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Feature #13807

A method to filter the receiver against some condition

Added by sawa (Tsuyoshi Sawada) 3 months ago. Updated 3 months ago.

Status:
Open
Priority:
Normal
Assignee:
-
Target version:
-
[ruby-core:82353]

Description

I frequently see code that uses some value if that value satisfies a certain condition, and something else otherwise.

a.some_condition ? a : b

And in most cases, the value of a is non-nil when the condition is satisfied.

I propose to have a method, perhaps named verify, which would implemented to be equivalent to this definition:

class Object
  def verify
    self if yield(self)
  end
end

Then, we can write the expression above (assuming a is non-nil when the condition is satisfied) like this:

a.verify{|a| a.some_condition} || b

Perhaps it would also be useful to do something like:

a.verify{|a| a.some_condition}&.chaining_of_more_methods

History

#1 [ruby-core:82357] Updated by shevegen (Robert A. Heiler) 3 months ago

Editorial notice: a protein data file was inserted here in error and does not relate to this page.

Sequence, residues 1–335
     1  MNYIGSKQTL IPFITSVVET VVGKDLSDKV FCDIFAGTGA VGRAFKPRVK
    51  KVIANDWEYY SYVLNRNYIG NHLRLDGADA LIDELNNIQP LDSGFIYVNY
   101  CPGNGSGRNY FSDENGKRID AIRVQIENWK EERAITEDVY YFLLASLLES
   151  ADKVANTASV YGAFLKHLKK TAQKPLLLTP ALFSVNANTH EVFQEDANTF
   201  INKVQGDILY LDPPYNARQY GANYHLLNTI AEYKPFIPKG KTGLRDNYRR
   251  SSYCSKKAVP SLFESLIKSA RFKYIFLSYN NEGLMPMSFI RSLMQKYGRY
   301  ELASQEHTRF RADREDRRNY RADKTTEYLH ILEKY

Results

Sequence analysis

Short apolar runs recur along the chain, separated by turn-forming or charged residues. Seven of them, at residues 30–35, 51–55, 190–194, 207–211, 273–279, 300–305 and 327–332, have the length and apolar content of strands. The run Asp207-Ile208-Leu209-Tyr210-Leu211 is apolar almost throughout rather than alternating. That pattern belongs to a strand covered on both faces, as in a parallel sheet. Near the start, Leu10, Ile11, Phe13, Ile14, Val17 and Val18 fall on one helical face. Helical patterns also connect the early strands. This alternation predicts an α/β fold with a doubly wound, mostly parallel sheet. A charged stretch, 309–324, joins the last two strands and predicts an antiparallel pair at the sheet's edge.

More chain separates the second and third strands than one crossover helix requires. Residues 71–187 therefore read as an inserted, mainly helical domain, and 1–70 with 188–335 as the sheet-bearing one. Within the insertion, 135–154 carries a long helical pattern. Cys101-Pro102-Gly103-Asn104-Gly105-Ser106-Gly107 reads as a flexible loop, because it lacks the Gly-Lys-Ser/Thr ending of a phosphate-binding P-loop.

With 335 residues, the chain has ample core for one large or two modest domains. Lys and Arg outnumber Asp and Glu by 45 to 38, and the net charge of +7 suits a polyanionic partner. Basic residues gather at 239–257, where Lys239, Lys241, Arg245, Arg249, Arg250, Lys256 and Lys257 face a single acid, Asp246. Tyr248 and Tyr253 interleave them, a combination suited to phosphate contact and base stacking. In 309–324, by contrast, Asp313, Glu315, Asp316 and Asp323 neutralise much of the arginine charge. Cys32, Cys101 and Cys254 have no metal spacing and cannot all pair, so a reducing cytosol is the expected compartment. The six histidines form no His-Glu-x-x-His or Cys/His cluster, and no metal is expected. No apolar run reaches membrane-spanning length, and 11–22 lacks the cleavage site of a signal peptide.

I have no particular pro or con opinion about your proposal, but I just
want to say that the last variant is not very pretty.

The lonely guy operator staring at the dot before him is pressed hard
against the wall behind him there, the "}" character!

#2 [ruby-core:82360] Updated by duerst (Martin Dürst) 3 months ago

I don't see any improvement. The new way that would be possible with the verify method is longer and more complicated than the simple and straightforward a.some_condition ? a : b.

#3 [ruby-core:82361] Updated by nobu (Nobuyoshi Nakada) 3 months ago

It seems useless without method chain, i.e., variable a is too simple as an example.

That is, this is a variant of yield_self.

foo.bar.zot.yield_self {|a| a.some_condition ? a : b}

or

foo.bar.zot.verify {|a| a.some_condition} || b
foo.bar.zot.verify(&:some_condition) || b

But verify is long and sounds ambiguous.

This came to my mind, but looks magical a little.

foo.bar.zot.if?(&:some_condition) || b

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